BSG Alumni

BSG Alumni, Security and conflict

Men praying at the Blue Mosque (or Shrine of Hazrat Ali) in the northern Afghan city of Mazar-i-Sharif. (Source: Wikimedia Commons)

Will moderate Muslims please stand up?

Each time a terror attack carried out by Muslim militants wrecks a Western country, Muslims from across the world take to electronic and social media to condemn the horrific act, dissociate themselves from the perpetrators and defend Islam as a religion of peace. Despite these condemnations, moderate Muslims have neither […]

by × 23 November 2015 ×

BSG Alumni, Security and conflict

Air strike in Sana'a, September 2015. Source: Wikimedia commons.

Yemen is shattered and peace seems a long way off. The world can’t just watch on

“For us, the future is lost. There is no hope.” That’s what Ali Ahmad told BBC interviewers who were trying to find out what life was like under the current war in Yemen. Ali comes from Taiz, a governorate that has for months been under siege by the militias of […]

by × 22 October 2015 ×

BSG Alumni, Governance, cooperation and law

Marian Schreier (first from right) at the BSG graduation ceremony

BSG alumni: three questions to Marian Schreier, newly elected mayor

Earlier this month we received amazing news from our alumnus Marian Schreier – he had just been elected mayor of Tengen, a 4,500-strong community in southern Germany, near the Swiss border. Having just turned 25, Marian is also the country’s youngest mayor. A member of the first class of BSG […]

by × 30 March 2015 ×

BSG Alumni, Governance, cooperation and law

BSG alumni Fiona Smith (left), Enrique Zapata and Emma Truswell

Open data: connecting people – just like BSG

It should not have surprised me that my first unplanned BSG connection happened at an international leaders’ event. This week, my team at the Open Data Institute has brought together outstanding open data leaders from governments around the world as the inaugural cohort of the Open Data Leaders Network, starting […]

by × 20 February 2015 ×

BSG Alumni, Governance, cooperation and law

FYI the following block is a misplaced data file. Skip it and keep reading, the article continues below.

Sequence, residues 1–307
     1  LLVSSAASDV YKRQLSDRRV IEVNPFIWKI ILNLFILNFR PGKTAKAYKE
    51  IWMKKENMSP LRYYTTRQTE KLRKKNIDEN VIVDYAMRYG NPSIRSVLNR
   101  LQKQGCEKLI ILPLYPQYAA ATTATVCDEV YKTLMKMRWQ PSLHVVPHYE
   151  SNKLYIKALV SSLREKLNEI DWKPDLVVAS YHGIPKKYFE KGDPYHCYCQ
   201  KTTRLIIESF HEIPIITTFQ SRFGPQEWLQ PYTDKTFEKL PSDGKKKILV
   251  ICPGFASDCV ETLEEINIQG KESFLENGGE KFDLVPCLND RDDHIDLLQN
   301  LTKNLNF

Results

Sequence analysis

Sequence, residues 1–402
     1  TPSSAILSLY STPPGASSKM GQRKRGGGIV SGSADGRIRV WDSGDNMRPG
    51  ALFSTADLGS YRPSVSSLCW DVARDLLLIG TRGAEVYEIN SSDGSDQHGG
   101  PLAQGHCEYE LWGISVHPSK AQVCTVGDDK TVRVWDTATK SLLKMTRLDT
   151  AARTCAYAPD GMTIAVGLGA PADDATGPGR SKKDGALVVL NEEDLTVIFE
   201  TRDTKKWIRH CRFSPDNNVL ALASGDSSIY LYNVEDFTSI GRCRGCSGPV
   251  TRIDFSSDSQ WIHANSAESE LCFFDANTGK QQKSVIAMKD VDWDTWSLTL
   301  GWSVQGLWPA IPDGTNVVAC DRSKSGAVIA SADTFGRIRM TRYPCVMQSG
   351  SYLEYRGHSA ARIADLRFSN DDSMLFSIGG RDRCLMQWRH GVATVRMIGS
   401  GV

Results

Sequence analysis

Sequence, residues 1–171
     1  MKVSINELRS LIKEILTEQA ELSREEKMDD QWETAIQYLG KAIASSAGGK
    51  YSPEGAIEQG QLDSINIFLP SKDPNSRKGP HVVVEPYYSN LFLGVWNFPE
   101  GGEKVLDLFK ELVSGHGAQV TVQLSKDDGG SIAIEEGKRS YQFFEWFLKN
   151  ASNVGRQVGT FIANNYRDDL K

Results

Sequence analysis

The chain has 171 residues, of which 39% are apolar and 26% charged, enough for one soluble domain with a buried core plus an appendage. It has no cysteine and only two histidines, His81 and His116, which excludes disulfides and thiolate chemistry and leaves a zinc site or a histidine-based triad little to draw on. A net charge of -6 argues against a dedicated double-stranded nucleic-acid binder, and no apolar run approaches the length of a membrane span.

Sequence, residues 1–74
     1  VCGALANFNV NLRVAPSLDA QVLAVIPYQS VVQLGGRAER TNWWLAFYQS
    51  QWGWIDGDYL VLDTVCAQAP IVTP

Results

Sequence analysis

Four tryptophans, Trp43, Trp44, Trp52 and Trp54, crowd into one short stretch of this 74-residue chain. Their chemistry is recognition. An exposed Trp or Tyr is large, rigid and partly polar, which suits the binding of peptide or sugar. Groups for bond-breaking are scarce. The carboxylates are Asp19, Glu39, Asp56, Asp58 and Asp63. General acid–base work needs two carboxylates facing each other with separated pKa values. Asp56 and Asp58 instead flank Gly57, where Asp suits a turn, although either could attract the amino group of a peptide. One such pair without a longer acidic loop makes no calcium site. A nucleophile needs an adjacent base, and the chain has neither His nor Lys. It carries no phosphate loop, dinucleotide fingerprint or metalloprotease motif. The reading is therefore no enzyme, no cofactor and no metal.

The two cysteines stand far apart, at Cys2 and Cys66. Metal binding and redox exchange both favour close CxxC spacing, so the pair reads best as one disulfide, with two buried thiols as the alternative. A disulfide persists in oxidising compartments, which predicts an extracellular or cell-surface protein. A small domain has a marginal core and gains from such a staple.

Peshawar school attack: Will it be a turning point in the war against terrorism?

Peshawar school attack: Will it be a turning point in the war against terrorism?

Welcome to Denialistan and Contradictionistan. Yes, all this has happened in the “land of the pure” and there are no signs of it coming to an end in the near future. Will this prove to be the turning point in the war against extremism and terrorism? At least, I am not optimistic. Here are my reasons.

by × 17 December 2014 ×

BSG Alumni, Governance, cooperation and law

Image source Flickr: Jordi Bernabeu Farrús

Hong Kong: Above and Beyond in Students’ Idealism

Like the typhoon that lashed Hong Kong last month, the Occupying Central Movement and student-led strike are in full swing.

Metaphorically, “One Country, Two Systems” is a “symbiosis” – like that of a crown fish and an anemone. While the symbiotic union between the two is usually mutualistic, it can turn antagonistic if inherent contradictions are ill-managed.

by × 13 October 2014 ×

BSG Alumni, Governance, cooperation and law

Image source: Flickr Pasu Au Yeung

Do you hear the people sing? A fight to define who we are

In the 2012 film adaptation of Les Miserables, there was this scene towards the end where the students realised none of the local Paris citizens have joined them in their protests and they were effectively deserted to fight on their own. For all the songs that were sung, speeches that were given, none of the citizens were stirred enough or believed in the cause enough to “join in their crusade”.
As the protests in Hong Kong continue, there is a worry that we face a similar parallel to Les Miserables if the current protests do not get enough popular support from the local public.

by × 03 October 2014 ×

BSG Alumni, Economic growth and resilience

Why are financial systems prone to crisis?

Why are financial systems prone to crisis?

At the peak of the Netherlands’ “tulip mania” in 1637, one tulip bulb sold for 5,500 guilders per bulb—roughly the cost of luxurious house in Amsterdam, or $25,000 today. More than three and a half centuries later, economists continue to debate why tulip prices skyrocketed to stratospheric levels in the 1630s, much in the same way that the 2008 Global Financial Crisis remains a source of contention. Why have financial systems been so vulnerable to crises, and what role has regulation played?

by × 10 June 2014 ×